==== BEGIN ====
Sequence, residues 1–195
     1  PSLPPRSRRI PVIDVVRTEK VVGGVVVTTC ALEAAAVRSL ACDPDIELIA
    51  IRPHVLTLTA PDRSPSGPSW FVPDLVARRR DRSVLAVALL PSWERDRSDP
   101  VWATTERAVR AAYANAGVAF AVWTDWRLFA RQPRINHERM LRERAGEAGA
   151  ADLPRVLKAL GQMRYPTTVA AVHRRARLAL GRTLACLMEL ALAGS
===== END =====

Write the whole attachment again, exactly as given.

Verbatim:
Sequence, residues 1–195
     1  PSLPPRSRRI PVIDVVRTEK VVGGVVVTTC ALEAAAVRSL ACDPDIELIA
    51  IRPHVLTLTA PDRSPSGPSW FVPDLVARRR DRSVLAVALL PSWERDRSDP
   101  VWATTERAVR AAYANAGVAF AVWTDWRLFA RQPRINHERM LRERAGEAGA
   151  ADLPRVLKAL GQMRYPTTVA AVHRRARLAL GRTLACLMEL ALAGS